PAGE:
Bases-loaded statistics can be nit-picky. Robinson Cano is 1-for-10 with the bases loaded this season, but he was 8-for-18 with three grand slams last year. When stats get too specific, they occasionally fall into a small sample size zone that keeps them from meaning much in the big picture. For the Yankees, though, the small picture matters right now. And right now they’re not producing with the bases loaded, a trend that’s part of their larger problem with runners in scoring position.
“We’ve run into a little bit of everything,” Joe Girardi said. “Some guys not swinging the bat very well with the bases loaded, (other) guys hitting the ball hard with the bases loaded and making outs. It’s unfortunate, but we’re still okay. Obviously we’d like to be in a little better position than we are right now, but we’re okay. We’ve just got to turn it around.”
The bases-loaded trend hurt the Yankees last night when Robinson Cano struck out twice with the bases full. A big hit in either of those situations could have changed the game significantly. The Yankees have had 53 at-bats with the bases loaded this season, the second-most in baseball. They’ve hit .151 in those situations, the second-worst in the American League.
The two biggest culprits have been Cano and Alex Rodriguez, who are a combined 2-for-19. Both hit at least .400 with the bases loaded last season.
“I’ve been getting myself out, pretty simple,” Rodriguez said. “Chasing borderline pitches. There are some pitches that are sort of sucker pitches, pitches that look like strikes but they’re not, or pitches that look like they’re decent pitches but they’re pitchers’ pitches. Those are the pitches that you have to lay off or kind of work the count in your favor, they either give into you or walk you.
“… I think overall our at-bats (with the bases loaded) haven’t been really quality. The one thing is, (pitchers are) the ones that have the pressure. You’ve got to swing at strikes and take your A swing. After that, you do exactly kind of what Swisher did last night, and if they make great plays then you tip your cap. But up to that point, we have to do what we do.”
• Brett Gardner did tee and toss today, and he’ll likely do the same tomorrow. He’ll need to take some live batting practice before getting into a game. Girardi said he’s not sure when Gardner will be ready to start a rehab assignment.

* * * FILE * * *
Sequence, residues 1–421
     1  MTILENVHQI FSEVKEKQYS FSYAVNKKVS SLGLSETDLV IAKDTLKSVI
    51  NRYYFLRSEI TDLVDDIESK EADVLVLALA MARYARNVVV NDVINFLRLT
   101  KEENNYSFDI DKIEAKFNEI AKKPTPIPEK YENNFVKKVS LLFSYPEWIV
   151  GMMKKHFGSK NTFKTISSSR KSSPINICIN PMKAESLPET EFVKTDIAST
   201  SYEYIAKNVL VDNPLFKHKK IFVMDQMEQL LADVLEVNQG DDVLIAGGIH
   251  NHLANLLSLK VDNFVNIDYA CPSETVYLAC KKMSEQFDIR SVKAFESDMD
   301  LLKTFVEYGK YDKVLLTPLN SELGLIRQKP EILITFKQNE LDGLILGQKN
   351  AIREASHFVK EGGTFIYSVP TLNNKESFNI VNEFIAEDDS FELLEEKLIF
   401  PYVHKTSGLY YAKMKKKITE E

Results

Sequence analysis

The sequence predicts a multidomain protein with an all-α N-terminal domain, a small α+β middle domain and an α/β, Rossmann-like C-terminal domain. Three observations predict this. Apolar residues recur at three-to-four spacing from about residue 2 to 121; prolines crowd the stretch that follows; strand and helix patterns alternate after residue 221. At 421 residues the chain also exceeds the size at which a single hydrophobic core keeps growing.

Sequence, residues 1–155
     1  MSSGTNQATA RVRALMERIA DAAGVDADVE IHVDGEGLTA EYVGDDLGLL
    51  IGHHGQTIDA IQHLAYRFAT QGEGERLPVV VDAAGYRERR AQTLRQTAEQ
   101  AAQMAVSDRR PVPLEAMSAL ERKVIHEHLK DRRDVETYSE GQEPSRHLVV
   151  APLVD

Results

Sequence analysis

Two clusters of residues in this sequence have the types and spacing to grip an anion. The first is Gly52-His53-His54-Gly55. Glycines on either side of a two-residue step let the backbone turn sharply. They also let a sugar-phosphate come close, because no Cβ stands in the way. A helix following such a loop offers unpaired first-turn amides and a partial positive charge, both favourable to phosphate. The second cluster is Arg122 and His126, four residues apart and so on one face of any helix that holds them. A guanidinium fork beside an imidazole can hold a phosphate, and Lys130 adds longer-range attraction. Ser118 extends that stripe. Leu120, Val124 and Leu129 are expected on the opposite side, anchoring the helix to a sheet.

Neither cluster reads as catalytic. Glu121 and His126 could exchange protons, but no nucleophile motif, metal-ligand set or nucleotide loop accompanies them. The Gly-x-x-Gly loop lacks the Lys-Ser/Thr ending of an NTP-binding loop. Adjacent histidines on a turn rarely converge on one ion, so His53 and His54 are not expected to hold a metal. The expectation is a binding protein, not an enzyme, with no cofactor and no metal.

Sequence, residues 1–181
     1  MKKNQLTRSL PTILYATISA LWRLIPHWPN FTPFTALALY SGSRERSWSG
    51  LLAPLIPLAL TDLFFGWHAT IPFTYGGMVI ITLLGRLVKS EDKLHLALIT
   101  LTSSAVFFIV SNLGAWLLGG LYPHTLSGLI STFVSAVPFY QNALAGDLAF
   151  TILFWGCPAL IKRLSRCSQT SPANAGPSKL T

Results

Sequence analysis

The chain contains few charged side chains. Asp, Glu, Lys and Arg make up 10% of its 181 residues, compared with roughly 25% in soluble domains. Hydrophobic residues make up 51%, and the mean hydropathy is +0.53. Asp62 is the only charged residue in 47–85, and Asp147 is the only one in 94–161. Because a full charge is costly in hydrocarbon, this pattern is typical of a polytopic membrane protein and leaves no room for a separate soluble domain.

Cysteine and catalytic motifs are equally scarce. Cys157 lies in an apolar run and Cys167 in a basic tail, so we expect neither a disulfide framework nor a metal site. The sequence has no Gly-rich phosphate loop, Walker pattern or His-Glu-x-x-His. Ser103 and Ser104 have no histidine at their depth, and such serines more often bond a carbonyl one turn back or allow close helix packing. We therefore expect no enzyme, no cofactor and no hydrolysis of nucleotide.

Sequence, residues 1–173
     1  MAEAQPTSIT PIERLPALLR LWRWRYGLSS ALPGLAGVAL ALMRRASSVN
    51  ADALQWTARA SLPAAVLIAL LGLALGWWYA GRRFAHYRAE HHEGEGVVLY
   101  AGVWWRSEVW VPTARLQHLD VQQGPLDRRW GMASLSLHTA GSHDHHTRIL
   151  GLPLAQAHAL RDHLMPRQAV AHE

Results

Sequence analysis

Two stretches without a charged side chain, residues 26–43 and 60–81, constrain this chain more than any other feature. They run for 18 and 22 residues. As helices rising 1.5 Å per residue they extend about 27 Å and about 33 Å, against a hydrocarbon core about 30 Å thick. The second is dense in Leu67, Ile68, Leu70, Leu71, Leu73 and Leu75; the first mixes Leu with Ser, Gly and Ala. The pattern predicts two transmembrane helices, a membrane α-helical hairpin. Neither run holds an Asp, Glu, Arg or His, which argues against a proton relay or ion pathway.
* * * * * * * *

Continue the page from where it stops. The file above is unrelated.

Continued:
• Dave Robertson had a scheduled day off today. He’ll resume throwing tomorrow and should be on a mound Saturday. Still not sure when he’ll get into a game either, but the stiffness he initially felt when he started throwing again has gone away. Progressing as expected.
• Ivan Nova had some nagging lower-body issues — his foot, his hamstring — but Girardi said none of those have affected him in the past few days. There are no lingering health concerns with him heading into tonight’s start. “He’s been good,” Girardi said. “He hasn’t talked about it. He’s been healthy, so that’s a good sign. Your legs are so important to pitching.”
• Hard to say this is connected to last night’s strikeouts because he does it all the time, but Cano was out early to hit with Kevin Long today. “He just hit a home run to dead center a couple days ago,” Girardi said. “I don’t get too caught up. Guys like routine. They like to do some drills. When you’re on a long road trip, you have to come out early sometimes.”
• On this date, 17 years ago, Derek Jeter had his first career hit. He now has 3,158 in his career, the most in the big leagues in that span. Rodriguez is second with 2,805.
• CC Sabathia will be the Yankees representative at the MLB draft on Monday. The Yankees have the 30th overall selection.
• Jim Abbott is going to throw out the first pitch today.
Associated Press photos